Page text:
Saudi Arabia: A Kingdom in Turmoil | Part 3
Saudi Arabia has invested $3.5 billion in Uber. Prince Alaweed bin Talal has invested hundreds of millions in Snapchat, and according to some reports, Saudis have sunk billions in Elon Musk’s electric car maker Tesla. These are only a few of the American companies in which the Saudis have taken stakes.
The investments in Silicon Valley are a good example of the Saudi approach to international relations: Ensure the silence of Western countries on human rights, and when there’s a need to recruit fighters from an African country, write a check.
But Saudi Arabia under Crown Prince Mohammed bin Salman is changing. The kingdom’s operations no longer happen behind the scenes, and the ramifications are being felt in the global balance of power.
In addition to its huge investments in the West, Saudi Arabia has provided loans and aid to bail out regimes; this and control over global oil prices are the foundations of Saudi diplomacy. In this way, the kingdom has created debtor states that sometimes have to give something back.
Such countries include Lebanon, which has enjoyed investments in the billions of dollars, and Egypt, which has become financially dependent on Riyadh. A partial list also includes Jordan, Sudan, Pakistan, the Philippines and Morocco. Saudi Arabia also employs millions of workers from Arab and Asian countries.
But yes, the Saudis require something in return. In the same way Western countries are asked to ignore human rights abuses in the kingdom, Egypt was asked to hand over the Red Sea islands of Sanafir and Tiran. In 2002, Riyadh forced the Arab League to adopt Saudi King Abdullah’s initiative for Middle East peace. Another good example of the give-and-take is the coalition fighting Iranian-supported rebels in Yemen, a coalition that even includes distant Senegal.
For decades, Saudi Arabia preferred to operate behind the scenes, not at the forefront of diplomatic or military campaigns (except during the 1991 Gulf War). Oil sales and giant business transactions ensured Saudi interests in the West. In the Middle East, Riyadh left the stage to countries such as Egypt or to the Arab League, which always knew what to do to promote Saudi positions.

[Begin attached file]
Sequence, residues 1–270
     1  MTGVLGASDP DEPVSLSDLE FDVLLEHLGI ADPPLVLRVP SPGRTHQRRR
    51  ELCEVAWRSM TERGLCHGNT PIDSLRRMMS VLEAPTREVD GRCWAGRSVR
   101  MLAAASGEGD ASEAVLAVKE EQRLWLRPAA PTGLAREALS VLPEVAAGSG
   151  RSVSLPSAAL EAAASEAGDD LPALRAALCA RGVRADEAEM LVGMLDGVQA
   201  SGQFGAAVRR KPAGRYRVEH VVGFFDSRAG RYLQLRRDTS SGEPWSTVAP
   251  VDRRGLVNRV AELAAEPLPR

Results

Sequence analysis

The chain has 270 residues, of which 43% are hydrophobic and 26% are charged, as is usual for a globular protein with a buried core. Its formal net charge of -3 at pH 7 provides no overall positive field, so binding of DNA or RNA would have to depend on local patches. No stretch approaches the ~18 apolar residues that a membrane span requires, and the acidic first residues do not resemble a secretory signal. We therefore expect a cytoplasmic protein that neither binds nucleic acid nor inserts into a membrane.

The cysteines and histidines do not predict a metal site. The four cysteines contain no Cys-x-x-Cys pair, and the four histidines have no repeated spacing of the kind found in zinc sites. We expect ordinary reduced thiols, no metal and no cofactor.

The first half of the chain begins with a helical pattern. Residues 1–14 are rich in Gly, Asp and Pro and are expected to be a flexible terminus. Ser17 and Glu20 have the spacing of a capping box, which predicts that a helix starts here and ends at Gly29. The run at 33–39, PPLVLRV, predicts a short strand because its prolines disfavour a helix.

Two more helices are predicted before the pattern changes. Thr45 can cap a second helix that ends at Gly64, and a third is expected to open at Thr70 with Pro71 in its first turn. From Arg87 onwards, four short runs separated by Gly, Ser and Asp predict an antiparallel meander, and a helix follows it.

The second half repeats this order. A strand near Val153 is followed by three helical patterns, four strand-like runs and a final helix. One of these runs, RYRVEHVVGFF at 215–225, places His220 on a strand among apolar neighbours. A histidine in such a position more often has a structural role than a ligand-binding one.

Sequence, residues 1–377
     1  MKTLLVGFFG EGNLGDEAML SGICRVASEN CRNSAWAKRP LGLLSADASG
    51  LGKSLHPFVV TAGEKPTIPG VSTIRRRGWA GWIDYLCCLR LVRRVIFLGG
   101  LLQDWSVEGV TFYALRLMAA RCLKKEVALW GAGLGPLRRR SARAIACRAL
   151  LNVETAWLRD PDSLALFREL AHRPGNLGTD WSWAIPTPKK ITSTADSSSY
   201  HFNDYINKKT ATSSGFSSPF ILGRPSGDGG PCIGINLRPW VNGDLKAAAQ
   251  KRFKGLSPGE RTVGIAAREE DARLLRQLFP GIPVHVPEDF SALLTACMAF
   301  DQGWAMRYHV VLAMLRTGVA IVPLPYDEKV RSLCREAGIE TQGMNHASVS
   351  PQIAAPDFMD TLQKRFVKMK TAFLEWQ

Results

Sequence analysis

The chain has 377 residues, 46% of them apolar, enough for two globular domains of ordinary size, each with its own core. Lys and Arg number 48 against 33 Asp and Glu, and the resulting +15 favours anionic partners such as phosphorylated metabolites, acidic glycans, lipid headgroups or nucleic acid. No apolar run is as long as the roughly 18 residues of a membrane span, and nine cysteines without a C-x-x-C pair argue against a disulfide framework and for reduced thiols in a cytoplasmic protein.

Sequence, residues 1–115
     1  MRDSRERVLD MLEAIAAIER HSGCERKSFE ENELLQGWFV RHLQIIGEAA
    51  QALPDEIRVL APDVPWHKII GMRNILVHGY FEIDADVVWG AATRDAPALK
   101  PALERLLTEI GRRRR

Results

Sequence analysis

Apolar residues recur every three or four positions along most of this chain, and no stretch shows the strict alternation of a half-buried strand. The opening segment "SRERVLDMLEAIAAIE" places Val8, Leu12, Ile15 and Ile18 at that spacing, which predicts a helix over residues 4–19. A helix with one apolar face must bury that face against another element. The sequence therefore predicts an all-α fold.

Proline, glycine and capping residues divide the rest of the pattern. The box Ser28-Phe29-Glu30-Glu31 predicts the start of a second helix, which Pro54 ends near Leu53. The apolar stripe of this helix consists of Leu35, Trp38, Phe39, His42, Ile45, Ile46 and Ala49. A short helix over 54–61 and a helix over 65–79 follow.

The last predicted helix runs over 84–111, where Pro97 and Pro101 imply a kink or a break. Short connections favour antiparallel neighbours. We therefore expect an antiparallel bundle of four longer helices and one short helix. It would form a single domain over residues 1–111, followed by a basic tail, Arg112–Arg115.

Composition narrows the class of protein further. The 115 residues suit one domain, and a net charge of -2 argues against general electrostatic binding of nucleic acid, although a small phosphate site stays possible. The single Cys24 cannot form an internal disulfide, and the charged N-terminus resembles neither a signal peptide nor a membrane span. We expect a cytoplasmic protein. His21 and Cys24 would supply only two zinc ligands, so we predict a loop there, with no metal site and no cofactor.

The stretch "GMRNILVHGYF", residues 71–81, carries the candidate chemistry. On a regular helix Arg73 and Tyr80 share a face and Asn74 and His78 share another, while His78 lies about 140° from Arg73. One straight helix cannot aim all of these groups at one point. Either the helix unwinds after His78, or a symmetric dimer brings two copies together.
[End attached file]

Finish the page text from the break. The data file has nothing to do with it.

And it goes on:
But after King Salman transferred the authority to run the country to his son Mohammed bin Salman earlier this decade, Saudi strategy changed markedly. Saudi Arabia now takes direct responsibility for its campaigns, many of them designed to block its strategic rival, Iran. The Middle East has thus become an arena of conflict in which Saudi Arabia is directly involved.
Mohammed’s first move was a military campaign in Yemen that has yet to produce a victory, even though Riyadh has the best American weapons. In the war, kingdom has been excoriated for the deaths of thousands of civilians, many of them from hunger. Saudi Arabia’s direct involvement in these deaths, along with the murder of Saudi journalist Jamal Khashoggi last October, convinced the U.S. Senate to vote to end U.S. support for the Saudi-led coalition.
Another instance of blatant Saudi intervention occurred at the end of 2017, when Mohammed instructed Lebanese Prime Minister Saad Hariri to resign in order to topple a government in which Hezbollah was a partner. Protests in Lebanon and abroad forced Riyadh to retract its demand.
In the Syrian civil war, Saudi Arabia financed militias that failed to turn the tide. Saudi opposition to the rule of President Bashar Assad was stymied by the Russians and Iranians, forcing the Saudis to retreat from Syria. Their attempts to force Amman to let it attack Syria from Jordan failed after the Hashemite kingdom said it wouldn’t become a launching pad for attacks on Syria.
In addition, Saudi Arabia initiated a boycott of Qatar a year and a half ago, but its coalition with Egypt, Bahrain and the United Arab Emirates didn’t affect the small, wealthy country, which only continues to prosper. Now, under American pressure, Saudi Arabia may lift these sanctions.
So far, it seems Mohammed’s strategy has yet to benefit Saudi Arabia. The failed transition from a country that pulls strings behind the scenes to one that spearheads campaigns has raised questions on whether Saudi Arabia had been overrated regarding its ability to dictate regional policies and rebuff Iran. Therein lies the damage Mohammed’s arrogance has caused his kingdom, à la the United States, which has also learned that wealth and financial assistance don’t guarantee support for policies.
It’s now clear that the Saudi dilemma lies not just in whether Mohammed can remain in his post, or in limiting the harm he caused the kingdom with the Khashoggi affair. Riyadh now must craft a strategy that will restore its brand as a regional power.
Click here for the series opener. Other parts of the project: